Windsor Yearbook of Access to Justice
In this paper, the authors seek to use the insights gained by viewing and thinking critically about a range of Hollywood films to better illuminate the disciplinary blindspots of law. Both law and film are viewed as social institutions, engaged in telling stories about social life. Hollywood films are often critical of law and legal institutions. Law is dismissive of its representation within popular culture. However, the authors argue that law disregards cinematic cynicism about itself at its peril and that there is much to learn by taking cinematic portrayals of law very seriously---not as representations of the truth of law, but as analogies for how law itself operates in constructing truth. Indeed, the authors conclude by arguing that law requires a better conception of itself as a culturally productive institution. Law, like film, is not simply engaged in the finding of truth, but also more fundamentally in the making of meaning.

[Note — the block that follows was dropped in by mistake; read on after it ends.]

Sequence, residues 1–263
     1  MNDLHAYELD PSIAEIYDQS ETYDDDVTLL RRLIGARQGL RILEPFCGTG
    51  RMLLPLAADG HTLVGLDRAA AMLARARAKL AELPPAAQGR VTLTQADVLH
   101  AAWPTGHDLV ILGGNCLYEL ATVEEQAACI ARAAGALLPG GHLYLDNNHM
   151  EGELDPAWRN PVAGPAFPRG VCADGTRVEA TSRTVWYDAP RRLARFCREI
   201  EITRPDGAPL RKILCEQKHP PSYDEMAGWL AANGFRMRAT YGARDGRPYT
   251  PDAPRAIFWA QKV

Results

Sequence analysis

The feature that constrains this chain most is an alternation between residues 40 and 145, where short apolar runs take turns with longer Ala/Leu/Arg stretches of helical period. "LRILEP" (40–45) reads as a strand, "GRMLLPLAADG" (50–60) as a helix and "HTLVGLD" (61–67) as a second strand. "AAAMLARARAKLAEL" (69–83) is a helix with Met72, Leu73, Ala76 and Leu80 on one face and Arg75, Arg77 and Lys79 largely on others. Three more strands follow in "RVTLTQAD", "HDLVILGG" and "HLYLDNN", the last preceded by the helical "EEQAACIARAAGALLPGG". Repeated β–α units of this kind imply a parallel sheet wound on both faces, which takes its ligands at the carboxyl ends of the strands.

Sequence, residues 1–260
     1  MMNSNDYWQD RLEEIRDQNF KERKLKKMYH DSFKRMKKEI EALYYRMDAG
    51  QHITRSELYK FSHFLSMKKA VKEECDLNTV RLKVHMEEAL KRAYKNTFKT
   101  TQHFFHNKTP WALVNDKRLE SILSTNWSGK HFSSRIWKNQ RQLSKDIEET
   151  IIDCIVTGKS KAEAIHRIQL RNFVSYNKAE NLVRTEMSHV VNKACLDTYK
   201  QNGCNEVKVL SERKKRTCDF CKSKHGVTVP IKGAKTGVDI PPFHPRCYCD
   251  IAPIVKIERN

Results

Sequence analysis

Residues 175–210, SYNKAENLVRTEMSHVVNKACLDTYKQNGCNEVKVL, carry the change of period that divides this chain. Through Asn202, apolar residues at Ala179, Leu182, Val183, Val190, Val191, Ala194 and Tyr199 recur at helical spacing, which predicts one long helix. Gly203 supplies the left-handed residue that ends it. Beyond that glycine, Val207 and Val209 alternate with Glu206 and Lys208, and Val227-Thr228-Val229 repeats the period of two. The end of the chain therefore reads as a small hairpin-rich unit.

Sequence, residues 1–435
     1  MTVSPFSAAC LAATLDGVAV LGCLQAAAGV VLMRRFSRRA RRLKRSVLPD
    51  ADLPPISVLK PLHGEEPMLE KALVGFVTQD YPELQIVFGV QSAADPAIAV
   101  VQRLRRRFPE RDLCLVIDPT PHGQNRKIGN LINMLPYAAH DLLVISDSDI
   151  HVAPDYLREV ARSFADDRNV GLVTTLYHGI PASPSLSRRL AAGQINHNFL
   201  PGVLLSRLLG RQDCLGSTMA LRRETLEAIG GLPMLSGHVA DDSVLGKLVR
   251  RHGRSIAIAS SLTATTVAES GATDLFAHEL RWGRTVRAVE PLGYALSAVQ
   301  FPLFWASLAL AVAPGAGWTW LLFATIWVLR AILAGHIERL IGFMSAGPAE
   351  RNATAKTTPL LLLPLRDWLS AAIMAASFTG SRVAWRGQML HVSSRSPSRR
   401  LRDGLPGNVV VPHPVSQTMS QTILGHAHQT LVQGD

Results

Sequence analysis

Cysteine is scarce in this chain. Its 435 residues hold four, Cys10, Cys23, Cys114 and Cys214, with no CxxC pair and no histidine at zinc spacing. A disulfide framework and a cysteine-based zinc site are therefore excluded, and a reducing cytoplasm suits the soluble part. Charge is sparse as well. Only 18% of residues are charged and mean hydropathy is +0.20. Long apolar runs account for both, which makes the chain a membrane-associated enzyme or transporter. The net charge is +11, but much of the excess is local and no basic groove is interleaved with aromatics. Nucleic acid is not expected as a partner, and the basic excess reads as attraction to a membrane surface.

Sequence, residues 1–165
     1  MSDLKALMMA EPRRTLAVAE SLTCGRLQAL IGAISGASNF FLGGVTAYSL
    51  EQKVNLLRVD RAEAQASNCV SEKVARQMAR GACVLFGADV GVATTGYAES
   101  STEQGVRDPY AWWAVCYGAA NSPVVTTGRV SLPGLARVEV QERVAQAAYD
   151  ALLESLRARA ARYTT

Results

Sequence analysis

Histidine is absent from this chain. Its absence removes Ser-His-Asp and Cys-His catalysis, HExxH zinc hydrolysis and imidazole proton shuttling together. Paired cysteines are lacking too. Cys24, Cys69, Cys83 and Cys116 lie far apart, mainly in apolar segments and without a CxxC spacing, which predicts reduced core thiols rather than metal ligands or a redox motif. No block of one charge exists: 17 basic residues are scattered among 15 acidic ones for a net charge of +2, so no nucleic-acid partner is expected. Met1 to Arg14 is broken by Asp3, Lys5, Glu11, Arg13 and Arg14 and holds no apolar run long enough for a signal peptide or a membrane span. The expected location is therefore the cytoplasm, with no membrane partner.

Buchanan, Ruth and Johnson, Rebecca, "Getting the Insider's Story Out: What Popular Film Can Tell Us about Legal Method's Dirty Secrets" Windsor Yearbook of Access to Justice 19 (2001): 87-110.
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